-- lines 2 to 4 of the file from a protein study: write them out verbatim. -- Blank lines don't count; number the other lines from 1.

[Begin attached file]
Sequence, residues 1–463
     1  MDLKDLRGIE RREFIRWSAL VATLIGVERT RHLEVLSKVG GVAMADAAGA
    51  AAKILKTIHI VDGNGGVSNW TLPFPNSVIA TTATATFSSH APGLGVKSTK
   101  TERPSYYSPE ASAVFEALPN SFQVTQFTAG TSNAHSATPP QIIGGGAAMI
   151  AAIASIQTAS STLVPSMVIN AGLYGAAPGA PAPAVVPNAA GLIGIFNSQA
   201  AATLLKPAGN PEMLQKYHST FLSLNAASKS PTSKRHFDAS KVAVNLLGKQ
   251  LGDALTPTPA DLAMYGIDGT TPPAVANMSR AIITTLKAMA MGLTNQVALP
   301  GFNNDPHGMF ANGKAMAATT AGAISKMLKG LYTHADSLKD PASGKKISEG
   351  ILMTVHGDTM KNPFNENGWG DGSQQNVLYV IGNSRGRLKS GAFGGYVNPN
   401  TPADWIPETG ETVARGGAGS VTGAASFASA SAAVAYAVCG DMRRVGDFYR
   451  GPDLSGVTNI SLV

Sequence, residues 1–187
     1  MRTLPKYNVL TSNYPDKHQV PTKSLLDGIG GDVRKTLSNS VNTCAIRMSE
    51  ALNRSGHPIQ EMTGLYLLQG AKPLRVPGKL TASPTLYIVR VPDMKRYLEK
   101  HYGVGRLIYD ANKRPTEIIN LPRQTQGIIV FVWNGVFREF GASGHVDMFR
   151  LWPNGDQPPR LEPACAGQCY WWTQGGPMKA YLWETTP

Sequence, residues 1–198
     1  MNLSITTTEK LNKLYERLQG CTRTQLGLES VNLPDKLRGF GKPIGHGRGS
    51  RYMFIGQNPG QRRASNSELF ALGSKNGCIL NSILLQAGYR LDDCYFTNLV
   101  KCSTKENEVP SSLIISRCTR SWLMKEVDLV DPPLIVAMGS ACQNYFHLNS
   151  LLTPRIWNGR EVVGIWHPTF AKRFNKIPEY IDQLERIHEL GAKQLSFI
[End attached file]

     1  MDLKDLRGIE RREFIRWSAL VATLIGVERT RHLEVLSKVG GVAMADAAGA
    51  AAKILKTIHI VDGNGGVSNW TLPFPNSVIA TTATATFSSH APGLGVKSTK
   101  TERPSYYSPE ASAVFEALPN SFQVTQFTAG TSNAHSATPP QIIGGGAAMI